It’s not hard to understand why some collectors arefixated on Coca-Cola memorabilia. For over acentury, the company has produced numerousbanners, posters, signs, cans, and other products, some of which now fetch a premium on thesecondary market.
One glass bottle in particular is currentlycommanding a price that might raise eyebrows: Ifestimates for an upcoming auction are met, it could sell for well over $100,000.
The bottle, offered by Morphy Auctions, features the curvaceous shape familiar to Coca-Colafans, with a tapered neck and bottom. It’s said to be one of the prototypes the company toyedwith back in 1915, when they were in search of a distinctive shape for their glass containers. (Aluminum cans weren’t introduced until 1960.)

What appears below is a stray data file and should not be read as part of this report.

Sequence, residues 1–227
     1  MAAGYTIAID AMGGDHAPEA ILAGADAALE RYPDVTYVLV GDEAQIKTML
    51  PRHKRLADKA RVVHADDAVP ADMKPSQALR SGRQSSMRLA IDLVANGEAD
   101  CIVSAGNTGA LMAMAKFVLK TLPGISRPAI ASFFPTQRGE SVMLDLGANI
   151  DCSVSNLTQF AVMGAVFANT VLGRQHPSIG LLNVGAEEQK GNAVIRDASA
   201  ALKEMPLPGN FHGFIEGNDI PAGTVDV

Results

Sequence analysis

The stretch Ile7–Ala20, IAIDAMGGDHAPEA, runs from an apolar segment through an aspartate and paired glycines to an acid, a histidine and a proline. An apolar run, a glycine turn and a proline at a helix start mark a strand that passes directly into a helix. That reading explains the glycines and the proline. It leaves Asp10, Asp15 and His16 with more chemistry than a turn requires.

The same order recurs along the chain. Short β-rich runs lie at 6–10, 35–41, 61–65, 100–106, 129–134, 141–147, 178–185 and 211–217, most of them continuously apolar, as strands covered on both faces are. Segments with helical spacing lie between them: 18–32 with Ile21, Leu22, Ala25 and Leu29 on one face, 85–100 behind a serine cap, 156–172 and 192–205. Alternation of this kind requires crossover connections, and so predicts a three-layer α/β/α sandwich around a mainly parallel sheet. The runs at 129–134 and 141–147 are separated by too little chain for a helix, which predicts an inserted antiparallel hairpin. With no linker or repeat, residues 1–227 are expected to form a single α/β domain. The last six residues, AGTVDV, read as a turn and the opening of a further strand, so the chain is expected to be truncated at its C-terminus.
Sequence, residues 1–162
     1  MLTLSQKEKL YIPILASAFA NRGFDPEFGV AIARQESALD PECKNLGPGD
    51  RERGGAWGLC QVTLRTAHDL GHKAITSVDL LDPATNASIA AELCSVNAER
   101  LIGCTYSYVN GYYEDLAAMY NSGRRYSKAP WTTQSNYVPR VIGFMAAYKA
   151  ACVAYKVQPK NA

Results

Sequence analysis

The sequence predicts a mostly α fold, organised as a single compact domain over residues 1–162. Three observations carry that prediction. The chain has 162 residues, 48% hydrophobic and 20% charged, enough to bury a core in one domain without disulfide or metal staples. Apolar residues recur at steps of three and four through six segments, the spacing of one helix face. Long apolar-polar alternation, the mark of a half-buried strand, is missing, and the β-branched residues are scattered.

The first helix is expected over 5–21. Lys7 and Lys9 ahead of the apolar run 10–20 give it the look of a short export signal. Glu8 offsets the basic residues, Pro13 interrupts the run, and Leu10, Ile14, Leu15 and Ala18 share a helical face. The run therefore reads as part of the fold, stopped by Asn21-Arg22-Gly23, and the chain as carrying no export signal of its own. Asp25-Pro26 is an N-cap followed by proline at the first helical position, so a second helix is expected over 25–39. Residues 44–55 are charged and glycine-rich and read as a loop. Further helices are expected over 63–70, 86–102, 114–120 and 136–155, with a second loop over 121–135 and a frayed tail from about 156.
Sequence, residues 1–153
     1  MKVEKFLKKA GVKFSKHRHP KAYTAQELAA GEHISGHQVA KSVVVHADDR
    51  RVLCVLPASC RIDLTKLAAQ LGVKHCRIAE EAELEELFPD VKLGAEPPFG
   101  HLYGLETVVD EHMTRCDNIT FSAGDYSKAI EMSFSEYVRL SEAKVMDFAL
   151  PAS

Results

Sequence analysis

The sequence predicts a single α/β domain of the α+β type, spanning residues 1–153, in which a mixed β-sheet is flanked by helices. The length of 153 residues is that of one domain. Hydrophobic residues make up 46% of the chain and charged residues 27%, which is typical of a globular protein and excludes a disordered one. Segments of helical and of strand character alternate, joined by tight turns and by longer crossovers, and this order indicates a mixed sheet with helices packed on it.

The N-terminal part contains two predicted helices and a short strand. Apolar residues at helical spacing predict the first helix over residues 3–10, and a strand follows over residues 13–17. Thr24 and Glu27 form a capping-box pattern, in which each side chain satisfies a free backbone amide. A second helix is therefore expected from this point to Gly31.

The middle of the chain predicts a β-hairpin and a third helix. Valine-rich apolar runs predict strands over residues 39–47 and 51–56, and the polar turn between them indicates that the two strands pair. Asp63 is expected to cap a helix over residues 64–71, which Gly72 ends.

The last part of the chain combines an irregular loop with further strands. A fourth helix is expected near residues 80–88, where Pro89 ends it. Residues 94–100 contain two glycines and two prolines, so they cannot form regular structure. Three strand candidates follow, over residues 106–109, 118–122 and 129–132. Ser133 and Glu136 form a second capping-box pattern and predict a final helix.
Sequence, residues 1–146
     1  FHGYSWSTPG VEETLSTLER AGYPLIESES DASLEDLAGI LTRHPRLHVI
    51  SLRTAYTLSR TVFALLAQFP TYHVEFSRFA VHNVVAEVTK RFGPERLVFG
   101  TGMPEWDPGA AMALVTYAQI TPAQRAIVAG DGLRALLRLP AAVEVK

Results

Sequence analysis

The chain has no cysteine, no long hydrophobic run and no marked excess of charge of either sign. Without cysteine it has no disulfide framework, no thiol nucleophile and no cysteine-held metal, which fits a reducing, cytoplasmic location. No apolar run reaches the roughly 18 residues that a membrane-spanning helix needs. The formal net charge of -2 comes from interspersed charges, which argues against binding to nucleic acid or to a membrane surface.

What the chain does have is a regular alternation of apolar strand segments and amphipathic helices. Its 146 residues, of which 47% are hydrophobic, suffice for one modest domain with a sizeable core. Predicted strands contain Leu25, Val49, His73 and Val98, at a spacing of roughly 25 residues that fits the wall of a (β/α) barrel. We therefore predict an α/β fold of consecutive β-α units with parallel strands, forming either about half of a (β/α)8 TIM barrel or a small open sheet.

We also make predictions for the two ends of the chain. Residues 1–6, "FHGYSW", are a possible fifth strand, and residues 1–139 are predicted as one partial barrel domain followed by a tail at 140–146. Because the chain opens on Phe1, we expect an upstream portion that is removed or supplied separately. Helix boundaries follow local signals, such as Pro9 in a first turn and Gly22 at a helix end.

The bottle, which differed from the straight tube-shaped product issued by bottlers, was anattempt to make Coca-Cola stand out among copycats and was designed so it could berecognized even if it was broken.
Why is this bottle so revered? In addition to being a “missing link” of sorts in the evolution ofthe curved bottle, which was finalized and released in 1917, it was also supposed to have beendestroyed, as all the other test bottles were. Discovered in the personal effects of a formerCoca-Cola employee, it appears to be the only surviving intact prototype, making it highlydesirable among collectors.
A prototype of an earlier design sold for $240,000 in 2011. Bidding on this bottle is currentlyat $90,000 and will almost certainly increase when the auction goes live.